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english exam literary terms
Terms in this set (38)
A brief reference to a person, place, thing or idea of historical, cultural, literary or political significance. It does not describe in detail the person or thing to which it refers. It is just a passing comment and the writer expects the reader to possess enough knowledge to spot the allusion and grasp its importance in a text.
A figure of speech in which an absent or dead person, an abstract quality, or something inanimate or nonhuman is addressed directly. Example: Poe addresses a bird in his poem "The Raven."
A figure of speech in which two or more clauses are related to each other through a reversal of structures in order to make a larger point; that is, the clauses display inverted parallelism.
Example - "You forget what you want to remember, and you remember what you want to forget." --The Road, Cormac McCarthy
A figure of speech using exaggeration or overstatement for special effect.Example - "I tried to call you a thousand times last night."
A figure of speech in which understatement is used to create emphasis by negation.
Examples - "not bad"; "no mean feat"
A figure of speech in which something very closely associated with a thing is used to stand for or suggest the thing itself.
Examples - Crown for King; White House for President.
A figure of speech that combines opposite or contradictory ideas or terms. Not to be confused with paradox, which reveals a kind of truth. e.g. "madness is sense".
Examples - "wise fool"; "sweet sorrow"
Statement that appears self-contradictory but contains truth.
"Much madness is divinest Sense"
A figure of speech in which an inanimate thing is given human attributes.
For example, in saying "The sky weeps" we are giving the sky the ability to cry, which is a human quality.
Simile - a comparison between two things using "like" or "as"
Metaphor - a direct comparison between two things
Analogy - a comparison between two things, typically for the purpose of explanation or clarification.
A figure of speech in which part of a thing is used to stand for or suggest the whole.
Example - "Can you give me a hand?"
The repetition of consonant sounds in a line of poetry.
"We lurk late / We strike straight"
The repetition of vowel sounds in a group of words.
"We real cool / We left school"
Verse written in unrhymed iambic pentameter.
"In sooth I know not why I am so sad.
It wearies me you say it wearies you."
A line of poetry with a pause at the end, often signaled by a comma, dash, or period.
"The tide rises, the tide falls," -Longfellow
The running over of a sentence or thought into the next couplet or line without a pause at the end of the line; a run-on line.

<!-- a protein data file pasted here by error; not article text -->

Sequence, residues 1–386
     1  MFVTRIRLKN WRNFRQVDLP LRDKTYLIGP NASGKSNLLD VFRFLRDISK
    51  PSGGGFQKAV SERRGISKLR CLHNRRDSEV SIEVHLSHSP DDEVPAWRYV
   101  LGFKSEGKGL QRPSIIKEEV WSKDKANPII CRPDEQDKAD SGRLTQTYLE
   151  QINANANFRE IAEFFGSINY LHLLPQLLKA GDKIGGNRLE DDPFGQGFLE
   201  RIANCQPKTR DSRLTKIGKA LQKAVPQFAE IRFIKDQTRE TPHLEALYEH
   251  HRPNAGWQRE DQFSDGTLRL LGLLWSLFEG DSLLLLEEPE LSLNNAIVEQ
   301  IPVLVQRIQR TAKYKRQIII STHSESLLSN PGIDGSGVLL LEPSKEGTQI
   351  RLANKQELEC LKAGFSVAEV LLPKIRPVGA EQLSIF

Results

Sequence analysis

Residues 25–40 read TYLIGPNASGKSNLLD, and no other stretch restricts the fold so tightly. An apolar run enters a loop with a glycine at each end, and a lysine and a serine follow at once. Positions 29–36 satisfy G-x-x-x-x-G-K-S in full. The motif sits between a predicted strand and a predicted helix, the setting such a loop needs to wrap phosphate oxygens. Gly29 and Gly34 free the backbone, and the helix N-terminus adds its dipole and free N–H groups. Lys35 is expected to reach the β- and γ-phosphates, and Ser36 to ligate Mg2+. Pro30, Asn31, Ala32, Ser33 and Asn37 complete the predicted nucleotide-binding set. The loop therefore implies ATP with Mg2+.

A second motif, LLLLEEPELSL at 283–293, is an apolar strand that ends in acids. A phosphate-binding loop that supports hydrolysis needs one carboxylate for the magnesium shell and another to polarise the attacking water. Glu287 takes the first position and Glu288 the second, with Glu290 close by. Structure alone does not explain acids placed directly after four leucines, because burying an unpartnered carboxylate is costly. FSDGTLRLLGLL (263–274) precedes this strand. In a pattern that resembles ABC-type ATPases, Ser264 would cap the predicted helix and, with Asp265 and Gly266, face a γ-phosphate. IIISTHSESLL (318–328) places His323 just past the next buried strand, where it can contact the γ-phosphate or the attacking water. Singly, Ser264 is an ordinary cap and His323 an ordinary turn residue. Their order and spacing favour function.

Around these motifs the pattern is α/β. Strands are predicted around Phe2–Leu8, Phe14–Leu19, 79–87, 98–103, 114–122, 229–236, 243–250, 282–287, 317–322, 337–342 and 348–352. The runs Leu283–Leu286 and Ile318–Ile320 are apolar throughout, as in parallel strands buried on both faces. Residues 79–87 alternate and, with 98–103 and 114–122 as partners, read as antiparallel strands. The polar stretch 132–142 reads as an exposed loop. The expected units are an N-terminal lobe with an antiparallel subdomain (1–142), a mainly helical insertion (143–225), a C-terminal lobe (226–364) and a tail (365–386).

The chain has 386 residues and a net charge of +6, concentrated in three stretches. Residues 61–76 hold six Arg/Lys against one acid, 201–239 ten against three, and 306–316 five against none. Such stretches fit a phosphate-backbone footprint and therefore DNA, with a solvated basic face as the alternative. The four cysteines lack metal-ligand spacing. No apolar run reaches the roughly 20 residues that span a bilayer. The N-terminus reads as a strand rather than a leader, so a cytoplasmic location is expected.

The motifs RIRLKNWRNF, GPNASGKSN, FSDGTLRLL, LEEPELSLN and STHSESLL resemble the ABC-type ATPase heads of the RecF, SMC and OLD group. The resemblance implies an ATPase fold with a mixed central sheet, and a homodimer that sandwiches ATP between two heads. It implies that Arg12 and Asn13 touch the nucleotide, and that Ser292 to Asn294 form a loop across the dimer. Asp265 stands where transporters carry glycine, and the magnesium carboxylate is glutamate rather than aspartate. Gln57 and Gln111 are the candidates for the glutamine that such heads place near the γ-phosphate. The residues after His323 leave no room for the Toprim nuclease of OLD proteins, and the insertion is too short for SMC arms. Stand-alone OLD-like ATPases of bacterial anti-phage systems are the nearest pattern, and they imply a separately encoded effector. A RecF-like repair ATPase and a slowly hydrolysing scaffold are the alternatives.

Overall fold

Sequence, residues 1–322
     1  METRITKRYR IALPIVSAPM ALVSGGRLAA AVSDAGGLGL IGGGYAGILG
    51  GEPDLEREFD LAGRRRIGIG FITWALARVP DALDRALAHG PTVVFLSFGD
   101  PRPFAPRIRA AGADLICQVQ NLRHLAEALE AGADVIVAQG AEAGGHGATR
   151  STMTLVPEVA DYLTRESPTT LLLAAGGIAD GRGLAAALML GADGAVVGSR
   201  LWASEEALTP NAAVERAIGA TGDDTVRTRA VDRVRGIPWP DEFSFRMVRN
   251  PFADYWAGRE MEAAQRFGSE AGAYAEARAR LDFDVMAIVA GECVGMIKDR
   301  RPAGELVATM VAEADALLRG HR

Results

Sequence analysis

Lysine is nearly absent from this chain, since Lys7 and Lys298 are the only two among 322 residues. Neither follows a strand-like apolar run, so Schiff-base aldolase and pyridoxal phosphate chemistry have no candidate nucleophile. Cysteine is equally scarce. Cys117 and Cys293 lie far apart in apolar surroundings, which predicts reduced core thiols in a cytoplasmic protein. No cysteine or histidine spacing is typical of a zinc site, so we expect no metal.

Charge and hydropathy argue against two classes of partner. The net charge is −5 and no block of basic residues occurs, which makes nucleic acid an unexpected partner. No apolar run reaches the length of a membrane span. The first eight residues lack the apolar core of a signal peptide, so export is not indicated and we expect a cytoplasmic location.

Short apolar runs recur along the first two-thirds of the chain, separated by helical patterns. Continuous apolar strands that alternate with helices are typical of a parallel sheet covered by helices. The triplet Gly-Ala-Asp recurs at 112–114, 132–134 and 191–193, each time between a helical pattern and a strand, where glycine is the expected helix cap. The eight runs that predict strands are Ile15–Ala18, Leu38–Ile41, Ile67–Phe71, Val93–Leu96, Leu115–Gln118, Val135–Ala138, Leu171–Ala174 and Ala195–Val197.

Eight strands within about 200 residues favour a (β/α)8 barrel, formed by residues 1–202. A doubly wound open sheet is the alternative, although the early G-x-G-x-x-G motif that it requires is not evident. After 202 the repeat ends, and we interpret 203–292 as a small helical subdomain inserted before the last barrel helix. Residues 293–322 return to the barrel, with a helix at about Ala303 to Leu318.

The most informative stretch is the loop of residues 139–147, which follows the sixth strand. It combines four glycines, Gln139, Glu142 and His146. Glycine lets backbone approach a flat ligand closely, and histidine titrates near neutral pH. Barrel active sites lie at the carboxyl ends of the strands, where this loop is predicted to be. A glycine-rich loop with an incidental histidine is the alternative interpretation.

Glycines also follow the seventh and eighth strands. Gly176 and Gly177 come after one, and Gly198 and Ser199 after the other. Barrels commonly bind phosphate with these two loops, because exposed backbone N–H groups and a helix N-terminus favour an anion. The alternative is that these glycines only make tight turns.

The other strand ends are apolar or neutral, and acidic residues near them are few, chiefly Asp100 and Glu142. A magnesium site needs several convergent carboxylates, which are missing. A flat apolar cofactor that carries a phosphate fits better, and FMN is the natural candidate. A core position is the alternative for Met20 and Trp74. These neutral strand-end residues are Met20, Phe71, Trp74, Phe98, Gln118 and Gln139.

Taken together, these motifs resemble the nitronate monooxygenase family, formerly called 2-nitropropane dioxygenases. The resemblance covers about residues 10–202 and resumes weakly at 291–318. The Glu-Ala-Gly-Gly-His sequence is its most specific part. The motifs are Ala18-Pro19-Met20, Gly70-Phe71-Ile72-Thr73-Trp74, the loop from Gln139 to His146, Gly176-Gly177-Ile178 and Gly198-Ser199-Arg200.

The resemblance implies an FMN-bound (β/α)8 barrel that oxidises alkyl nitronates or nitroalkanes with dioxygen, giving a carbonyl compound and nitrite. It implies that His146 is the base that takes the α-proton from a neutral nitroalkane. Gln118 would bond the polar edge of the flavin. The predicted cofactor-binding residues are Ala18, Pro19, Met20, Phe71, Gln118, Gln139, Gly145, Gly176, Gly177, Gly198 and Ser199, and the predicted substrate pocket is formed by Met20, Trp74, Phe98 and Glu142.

"Let me not to the marriage of true minds Admit impediments. Love is not love Which alters when it alteration finds Or bends with the remover to remove. . ." - Shakespeare
Unrhymed verse that has either no metrical pattern or an irregular pattern.
The use of a word whose sound in some degree imitates or suggests its meaning.
Examples - buzz, clang, snap.
A type of metaphor that makes a comparison between two startlingly different things. It may be brief or extended throughout the poem.
A monologue in which a character speaks his/her thoughts.
Simultaneous and contradictory attitudes or feelings (such as attraction and repulsion) toward an object, person, or action.
The repetition of the same word or words at the beginning of successive phrases, clauses, or sentences.
"To think on death is misery,/ To think on life it is a vanity,/ To think on the world verily it is,/ To think that here man hath no perfect bliss." -Peacham
A short statement that expresses a wise or clever observation about life
"He that lives upon hope will die fasting" - Ben Franklin
Language that is used in or characteristic of familiar and informal conversation.
A subordinate clause most commonly introduced by "if" or "unless."
"If you want to do well on the exam, you should study."
The emotional and psychological associations that you make with certain words or ideas.
The omission of an unnecessary word or words from speech or writing.
"You went to the restaurant. And...?"
A descriptive name or phrase used to characterize someone or something.
The substitution of an agreeable or inoffensive expression for one that may offend.
Collateral Damage: unintentional killing or damage; bystander deaths and injuries
The Imperative is a grammatical mood that forms a command or request.
"Please be quiet!"
Assuming power or authority without justification; arrogant and domineering.
The writing device of placing two or more things together, especially in order to suggest a link between them or emphasize the contrast between them.
Example - images of black and white in Othello
Marked by or exhibiting a fawning attentiveness.
The use of phrases, clauses, or sentences that are similar or complimentary in structure or in meaning.
The quality in a work that arouses a feeling of pity, or sorrow, or compassion in the reader.
A question suggesting its own answer or not requiring an answer
"Are you kidding me?"
Modest about or critical of oneself, especially humorously so.
The order in which words are placed in a sentence. In English, most sentences follow a Subject-Verb-Object syntax.
In Shakespeare, syntax is often inverted/modified for various purposes.
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